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Lenovo Ideapad S10-3

Tom's Definitive 10.1" Netbook Buyer's Guide: Fall 2010

Born from Lenovo’s Ideapad line, the S10-3 follows in the general Ideapad mantra: business form factor with a consumer flare. However, the S10-3 is actually the only netbook in the pure sense of the phrase from Lenovo.

Lenovo also carries the S10-3t, a tablet version of the S10-3, which costs $200 more than the S10-3’s market price, but we’ll get to that in another review. If you are thinking about netbooks and Lenovo, the S10-3 is really the only model you need to consider. Like the HP Minis, the S10-3 comes in the two versions: DDR2 and DDR3. Priced at $299.99, the S10-3 runs a strong race against other netbook offerings.

Once in your hands, the S10-3’s outer casing stands out among the pack. Similar to the Asus 1001P, Lenovo’s checkered texture on the display lid feels oddly reminiscent of those micro-texture lines on a hologram mousepad. The lack of a fingerprint magnet design feels appropriate for a notebook maker who prides itself on a closer association with the business community. Any direct light doesn’t show fingerprints, and very little is reflected back.

The bottom casing feels like the generic hard ABS plastic seen in many notebooks. However, open up the S10-3, and you see something different. The casing around the island keyboard, including the touchpad, seems to be polycarbonate that has been given the look of brushed aluminum (but not the feel). Meanwhile, the casing around the display is in that high-gloss piano black, which makes it somewhat distracting for all the fingerprint accumulation. Personally, we kind of wonder if continuing the brushed aluminum look might actually make everything look better.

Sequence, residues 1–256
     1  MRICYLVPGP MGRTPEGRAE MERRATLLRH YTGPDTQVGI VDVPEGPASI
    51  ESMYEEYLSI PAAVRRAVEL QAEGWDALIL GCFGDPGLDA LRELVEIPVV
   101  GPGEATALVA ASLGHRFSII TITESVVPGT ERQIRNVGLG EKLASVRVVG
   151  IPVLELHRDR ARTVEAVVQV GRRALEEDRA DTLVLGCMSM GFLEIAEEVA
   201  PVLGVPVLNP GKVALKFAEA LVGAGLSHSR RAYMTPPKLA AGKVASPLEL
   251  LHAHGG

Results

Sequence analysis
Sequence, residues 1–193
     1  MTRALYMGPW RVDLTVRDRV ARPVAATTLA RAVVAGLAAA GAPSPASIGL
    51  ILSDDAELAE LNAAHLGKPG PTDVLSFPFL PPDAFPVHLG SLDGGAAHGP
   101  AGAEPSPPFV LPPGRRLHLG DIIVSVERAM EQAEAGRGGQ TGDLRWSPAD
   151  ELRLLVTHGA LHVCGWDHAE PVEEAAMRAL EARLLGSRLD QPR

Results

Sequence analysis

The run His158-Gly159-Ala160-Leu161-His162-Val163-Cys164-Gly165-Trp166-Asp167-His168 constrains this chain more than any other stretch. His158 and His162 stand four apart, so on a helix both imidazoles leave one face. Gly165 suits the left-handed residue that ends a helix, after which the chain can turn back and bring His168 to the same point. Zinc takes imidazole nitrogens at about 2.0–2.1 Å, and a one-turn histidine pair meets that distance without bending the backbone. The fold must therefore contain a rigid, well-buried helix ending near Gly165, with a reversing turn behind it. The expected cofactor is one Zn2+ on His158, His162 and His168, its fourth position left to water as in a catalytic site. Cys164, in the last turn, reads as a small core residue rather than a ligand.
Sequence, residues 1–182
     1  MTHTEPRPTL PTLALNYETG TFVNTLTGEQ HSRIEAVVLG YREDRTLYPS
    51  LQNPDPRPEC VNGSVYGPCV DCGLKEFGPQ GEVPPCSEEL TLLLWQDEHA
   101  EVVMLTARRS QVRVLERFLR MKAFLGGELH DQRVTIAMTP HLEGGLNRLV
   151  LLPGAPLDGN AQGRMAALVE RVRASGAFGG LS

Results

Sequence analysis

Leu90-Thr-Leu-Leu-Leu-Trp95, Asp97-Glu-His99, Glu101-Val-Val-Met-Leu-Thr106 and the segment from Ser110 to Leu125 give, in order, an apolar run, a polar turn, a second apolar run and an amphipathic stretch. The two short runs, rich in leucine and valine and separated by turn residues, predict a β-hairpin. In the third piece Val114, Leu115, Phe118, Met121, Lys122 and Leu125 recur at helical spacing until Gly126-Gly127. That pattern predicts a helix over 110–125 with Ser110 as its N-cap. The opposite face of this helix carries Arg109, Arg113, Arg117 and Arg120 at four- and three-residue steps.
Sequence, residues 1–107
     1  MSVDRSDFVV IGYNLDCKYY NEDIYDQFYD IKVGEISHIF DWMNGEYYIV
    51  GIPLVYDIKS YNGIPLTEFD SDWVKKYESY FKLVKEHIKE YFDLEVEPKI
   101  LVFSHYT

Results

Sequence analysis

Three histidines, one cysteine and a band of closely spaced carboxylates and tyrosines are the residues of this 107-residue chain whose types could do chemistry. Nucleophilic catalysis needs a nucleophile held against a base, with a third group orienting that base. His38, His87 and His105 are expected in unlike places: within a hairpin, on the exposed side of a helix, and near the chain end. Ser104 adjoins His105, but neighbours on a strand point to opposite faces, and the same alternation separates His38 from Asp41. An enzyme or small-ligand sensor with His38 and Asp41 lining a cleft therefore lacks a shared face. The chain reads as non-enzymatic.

The S10-3's keyboard and touchpad are particularly different. The keyboard is probably the closest you are going to get to a full-sized keyboard on a netbook, coming in at 98%. As a space trade-off, the power button, Quick Start, and recovery keys have all been relocated to the display bezel, but this seems like a logical and well-reasoned move. It certainly is reflected in general feel. Everything about the S10-3 feels less constrained. It doesn't feel like you are being forced to work with a “micro-keyboard.”

As a result, we are consistently hitting about 85% to 90% of our typical desktop typing speed. Compare this to 75% on other netbooks, and it is easily see why the larger keyboard helps. Remember that Lenovo still has the Fn key in the lower left-hand corner, so this may take some getting use to if you are moving from a non-Lenovo notebook or desktop system.

While the keyboard seems well-rounded, the touchpad is real letdown. The touchpad is similar to the Mini 210 in that it is continuous with the buttons and suffers from the one-click phenomenon, and this is where the similarities seem to start.

We understand the design here. The touchpad is almost chiclet in design to match the keyboard. While this makes it easy to clean, it is basically fails in function. It is all but impossible to perform any operation that requires clicking and dragging/selecting. In order to be certain of clicks, you need to go to the far left and right-hand edge of the touchpad button regions. For example, if we select multiple items on the desktop, our clicker finger has to be in the right spot, otherwise the selection box goes haywire. This is because the multi-gesture touchpad perceives this as possibly two fingers. Disable all multi-gesture function and you still need to be careful. You literally need to be touching the edges of the touchpad and nothing more for dragging and selecting operations so the cursor doesn’t behave in an erratic manner.

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